While more experienced protesters may have seen it all before, I am offended by the attitude of the powers-that-be toward the citizens who plan to demonstrate on Inauguration Day. Security will be at its tightest for any inaugural. News reports say that nearly 7,000 police officers will be on duty, and that parade spectators, for the first time in history, will have to pass through checkpoints that will restrict the access of demonstrators.

Signs can only be on stakes less than three-quarters of an inch thick. Ed Gillespie, communications director of the 2001 Presidential Inaugural Committee, says these security measures are being put in place to protect families from "being jostled."

It seems that the D.C. police have adopted the same heavy-handed attitude toward inaugural demonstrations that they had for the World Bank protests last April 16, when they arrested hundreds on trumped-up charges that were later reduced, and used questionable preemptive measures to obstruct demonstrations.

There are numerous reports that the police have been infiltrating organized protest groups. In a recent Washington Post article, the assistant chief of police chose words like "nefarious" and "hooligans" to describe demonstrators, and dismissed them as "college students."

These labels remind me of the words Deng Xiaoping chose to describe demonstrators in Tiananmen Square in 1989: They are "a bunch of rebels," he said, "and a lot of riffraff."

The US Secret Service is getting ready for us nefarious folk, too. It is coordinating the 16 federal and local law-enforcement agencies charged with providing security. According to the Post, they are concerned about what other countries will think if inauguration day is marred by noisy protests. What might these same countries think about our recent presidential election?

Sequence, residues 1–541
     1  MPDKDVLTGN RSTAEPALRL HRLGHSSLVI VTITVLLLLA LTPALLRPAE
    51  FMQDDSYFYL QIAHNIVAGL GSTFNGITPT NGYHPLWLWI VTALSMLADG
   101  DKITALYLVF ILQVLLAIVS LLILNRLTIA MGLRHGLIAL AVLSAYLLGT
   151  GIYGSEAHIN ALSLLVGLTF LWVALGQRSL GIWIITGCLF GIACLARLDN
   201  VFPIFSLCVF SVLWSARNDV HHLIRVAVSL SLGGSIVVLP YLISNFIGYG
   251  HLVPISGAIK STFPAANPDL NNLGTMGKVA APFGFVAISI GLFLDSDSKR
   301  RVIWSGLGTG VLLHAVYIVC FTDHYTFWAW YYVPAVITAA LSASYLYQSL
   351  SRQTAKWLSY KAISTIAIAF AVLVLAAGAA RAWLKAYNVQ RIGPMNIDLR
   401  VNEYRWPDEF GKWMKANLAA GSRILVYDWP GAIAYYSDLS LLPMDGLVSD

Personally, I hope these thousands of law-enforcement agents remember that they are operating in a democracy, and need to balance legitimate security needs with the obligation to protect the First Amendment rights of all citizens - protesters and Bush supporters alike, including those of this middle-aged mom who has never had a close encounter with tear gas.

Thousands of protesters are expected to turn out this cold Saturday, across the nation and in D.C. Armed with reluctantly dispensed, court-supported permits, an array of women's rights, civil rights, voting rights, gay rights, and justice-action groups as well as the pro-Bush National Patriots March and the Christian Defense Coalition will be out in Washington en masse.

While not part of any group, I'll be out there, wandering in the crowd somewhere along the parade route on Pennsylvania Avenue.

I'll be waving a sign with a stake that is less than three-quarters of an inch thick, wearing lots of layers, and chanting my heart out about what happened in this country on Dec. 9. On that day, my sign said, "Right-wing coup in progress." Now it will say, "The coup is complete."

And when the inauguration is over, I'll go home and think about what it means to be politically awake in the year 2001.

Nadine Epstein is a writer and artist. Her latest book, "Rainforest Home Remedies" (HarperSan Francisco), was just published.

(c) Copyright 2001. The Christian Science Publishing Society